Brownfield property as profitable as any other commercial markets

The myth that property markets in regeneration areas are less profitable than in traditional development has been shattered by the publication of a pilot Urban Regeneration Index.

The index, compiled by Investment Property Databank (IPD) and launched during MIPIM, the international property fair at Cannes, shows that long term returns from commercial properties in urban regeneration areas have performed broadly in line with the wider UK market since 1995, and in the short term, most of these properties have out-performed other areas.

It found that in the short-term urban regeneration areas averaged total returns of 11.02% over the last three years, compared to 9.1% for the UK market as a whole. In the long-term, returns averaged 11.2% per year, compared to a UK average of 11.4% between 1995 and 2003.

The research is a boost to regeneration bodies seeking to attract private finance and will be used to track the performance of property in regeneration areas that are benefiting from public and private investment.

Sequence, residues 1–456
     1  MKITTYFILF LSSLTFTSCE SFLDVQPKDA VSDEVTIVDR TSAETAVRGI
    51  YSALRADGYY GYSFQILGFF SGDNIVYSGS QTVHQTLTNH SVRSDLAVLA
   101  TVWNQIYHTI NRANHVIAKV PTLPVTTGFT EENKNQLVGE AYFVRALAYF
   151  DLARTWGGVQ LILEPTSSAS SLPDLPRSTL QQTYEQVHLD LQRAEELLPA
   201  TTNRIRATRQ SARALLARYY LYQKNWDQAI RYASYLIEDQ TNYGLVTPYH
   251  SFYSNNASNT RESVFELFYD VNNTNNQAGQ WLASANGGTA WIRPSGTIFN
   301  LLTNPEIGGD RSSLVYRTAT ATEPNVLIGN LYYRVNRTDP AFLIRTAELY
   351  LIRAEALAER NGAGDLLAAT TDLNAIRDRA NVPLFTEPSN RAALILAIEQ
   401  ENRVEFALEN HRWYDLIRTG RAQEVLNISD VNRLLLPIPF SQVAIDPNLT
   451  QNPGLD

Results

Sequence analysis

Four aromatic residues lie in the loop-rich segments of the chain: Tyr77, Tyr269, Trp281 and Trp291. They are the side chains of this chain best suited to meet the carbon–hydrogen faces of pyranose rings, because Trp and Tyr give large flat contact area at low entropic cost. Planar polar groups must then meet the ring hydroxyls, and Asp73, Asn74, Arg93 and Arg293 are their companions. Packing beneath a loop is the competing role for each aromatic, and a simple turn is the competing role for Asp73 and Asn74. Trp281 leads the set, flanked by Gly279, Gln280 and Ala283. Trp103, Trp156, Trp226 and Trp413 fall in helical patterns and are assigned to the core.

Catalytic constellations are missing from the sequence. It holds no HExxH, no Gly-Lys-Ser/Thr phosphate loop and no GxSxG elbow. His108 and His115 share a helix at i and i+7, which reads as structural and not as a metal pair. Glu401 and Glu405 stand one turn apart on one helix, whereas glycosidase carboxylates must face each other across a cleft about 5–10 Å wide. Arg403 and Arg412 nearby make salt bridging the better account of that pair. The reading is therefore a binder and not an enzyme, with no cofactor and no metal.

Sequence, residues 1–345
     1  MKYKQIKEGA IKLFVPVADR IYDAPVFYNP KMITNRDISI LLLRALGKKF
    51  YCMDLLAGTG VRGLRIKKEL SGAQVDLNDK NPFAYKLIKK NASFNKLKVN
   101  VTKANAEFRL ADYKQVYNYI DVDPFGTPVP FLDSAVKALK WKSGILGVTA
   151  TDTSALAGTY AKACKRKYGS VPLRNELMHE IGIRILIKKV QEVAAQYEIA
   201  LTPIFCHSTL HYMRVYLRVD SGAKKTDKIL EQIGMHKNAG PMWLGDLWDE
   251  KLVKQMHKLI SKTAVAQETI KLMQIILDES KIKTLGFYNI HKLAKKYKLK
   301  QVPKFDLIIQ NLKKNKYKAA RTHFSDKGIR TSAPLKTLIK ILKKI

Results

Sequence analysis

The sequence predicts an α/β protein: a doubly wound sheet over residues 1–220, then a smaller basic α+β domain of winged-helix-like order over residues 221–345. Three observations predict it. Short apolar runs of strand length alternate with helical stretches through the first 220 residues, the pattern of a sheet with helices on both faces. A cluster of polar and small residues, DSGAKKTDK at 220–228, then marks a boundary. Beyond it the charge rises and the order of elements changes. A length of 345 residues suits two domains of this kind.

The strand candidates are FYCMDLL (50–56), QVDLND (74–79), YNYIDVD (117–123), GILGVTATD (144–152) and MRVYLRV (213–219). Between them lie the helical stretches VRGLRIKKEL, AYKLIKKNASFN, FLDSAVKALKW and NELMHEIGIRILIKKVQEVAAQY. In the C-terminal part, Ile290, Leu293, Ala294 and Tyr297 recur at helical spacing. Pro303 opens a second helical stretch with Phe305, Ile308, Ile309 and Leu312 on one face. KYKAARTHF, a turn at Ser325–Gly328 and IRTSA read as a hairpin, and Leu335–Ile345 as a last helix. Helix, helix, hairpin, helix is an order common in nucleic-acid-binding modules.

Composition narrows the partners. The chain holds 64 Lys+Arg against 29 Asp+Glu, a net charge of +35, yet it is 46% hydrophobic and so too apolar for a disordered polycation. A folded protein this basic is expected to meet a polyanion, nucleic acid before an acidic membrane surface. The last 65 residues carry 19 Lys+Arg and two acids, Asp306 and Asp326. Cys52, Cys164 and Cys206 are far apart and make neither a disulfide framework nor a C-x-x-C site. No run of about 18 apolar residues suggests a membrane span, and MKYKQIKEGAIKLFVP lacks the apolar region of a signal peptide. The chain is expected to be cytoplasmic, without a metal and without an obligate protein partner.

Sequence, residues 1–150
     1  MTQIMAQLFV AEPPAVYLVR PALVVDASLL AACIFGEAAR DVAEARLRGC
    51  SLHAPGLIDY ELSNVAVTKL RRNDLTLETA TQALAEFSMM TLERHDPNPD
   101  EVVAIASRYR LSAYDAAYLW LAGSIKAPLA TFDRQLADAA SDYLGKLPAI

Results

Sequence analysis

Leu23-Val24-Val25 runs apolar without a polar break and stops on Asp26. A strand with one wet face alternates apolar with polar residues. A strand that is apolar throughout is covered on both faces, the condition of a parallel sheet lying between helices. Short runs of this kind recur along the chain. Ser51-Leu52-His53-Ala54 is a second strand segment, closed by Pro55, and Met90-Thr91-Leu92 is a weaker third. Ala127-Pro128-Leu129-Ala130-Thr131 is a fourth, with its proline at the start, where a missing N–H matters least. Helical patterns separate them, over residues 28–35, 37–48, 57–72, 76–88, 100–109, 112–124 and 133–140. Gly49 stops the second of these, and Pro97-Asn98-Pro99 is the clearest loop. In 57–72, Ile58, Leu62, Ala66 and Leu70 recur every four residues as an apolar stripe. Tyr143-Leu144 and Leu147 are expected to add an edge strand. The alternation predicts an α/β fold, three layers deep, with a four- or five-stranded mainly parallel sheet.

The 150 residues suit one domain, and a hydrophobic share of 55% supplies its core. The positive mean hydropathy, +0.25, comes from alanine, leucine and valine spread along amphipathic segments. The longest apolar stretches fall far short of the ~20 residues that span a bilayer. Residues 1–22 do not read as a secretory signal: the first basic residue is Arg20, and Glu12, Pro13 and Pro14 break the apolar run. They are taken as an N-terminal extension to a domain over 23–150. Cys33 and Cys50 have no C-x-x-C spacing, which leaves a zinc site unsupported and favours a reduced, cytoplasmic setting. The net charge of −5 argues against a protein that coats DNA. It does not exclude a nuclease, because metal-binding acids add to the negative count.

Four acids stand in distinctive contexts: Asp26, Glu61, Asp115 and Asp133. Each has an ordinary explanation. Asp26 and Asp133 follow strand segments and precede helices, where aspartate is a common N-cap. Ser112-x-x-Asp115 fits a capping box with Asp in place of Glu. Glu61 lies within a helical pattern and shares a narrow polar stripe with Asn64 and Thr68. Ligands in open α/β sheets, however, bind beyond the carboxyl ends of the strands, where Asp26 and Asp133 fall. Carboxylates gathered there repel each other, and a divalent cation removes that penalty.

Phil Clark, of Morley Fund Management, Chairman of the Regeneration Index Committee, said: "The regeneration index committee believes that the Index shows early involvement by investors in well designed, mixed-use brownfield sites can provide good returns. We are certain that the information this index will provide is valuable to the wider property sector and we therefore propose to produce the Index annually with the support of private sponsors. There are already a number of specialist regeneration investment funds in the market and the Index will serve this growing sector for private investment."

The index was commissioned by English partnerships and Morley Fund Management. There were calls for an annual index after the publication of previous research by IPD in 2003 on returns in deprived areas and parallel work by Professor Alastair Adair of the University of Ulster on investment performance in UK urban areas.

Steve Carr, Head of Policy and Economics for English Partnerships, said: "Private and public sector investors now have access to substantial data on property markets in areas of regeneration. The growth potential in these areas is considerable and the index will help map how that growth is attracting new investors."

By David Hopkins



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